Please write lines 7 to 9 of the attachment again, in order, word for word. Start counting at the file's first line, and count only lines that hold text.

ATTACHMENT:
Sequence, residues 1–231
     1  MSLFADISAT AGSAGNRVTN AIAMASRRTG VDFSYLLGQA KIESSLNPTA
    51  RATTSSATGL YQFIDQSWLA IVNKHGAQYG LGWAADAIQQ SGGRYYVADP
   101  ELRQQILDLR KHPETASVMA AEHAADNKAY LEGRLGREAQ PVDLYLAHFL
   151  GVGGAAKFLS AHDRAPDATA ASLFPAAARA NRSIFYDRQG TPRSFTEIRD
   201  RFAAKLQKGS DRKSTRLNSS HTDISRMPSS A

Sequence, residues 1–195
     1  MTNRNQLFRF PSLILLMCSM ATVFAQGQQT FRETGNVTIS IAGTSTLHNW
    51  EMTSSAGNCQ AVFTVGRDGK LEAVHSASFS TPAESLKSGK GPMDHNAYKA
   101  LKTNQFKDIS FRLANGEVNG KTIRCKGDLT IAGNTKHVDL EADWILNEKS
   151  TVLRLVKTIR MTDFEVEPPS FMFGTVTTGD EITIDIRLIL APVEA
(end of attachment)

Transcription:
Sequence, residues 1–195
     1  MTNRNQLFRF PSLILLMCSM ATVFAQGQQT FRETGNVTIS IAGTSTLHNW
    51  EMTSSAGNCQ AVFTVGRDGK LEAVHSASFS TPAESLKSGK GPMDHNAYKA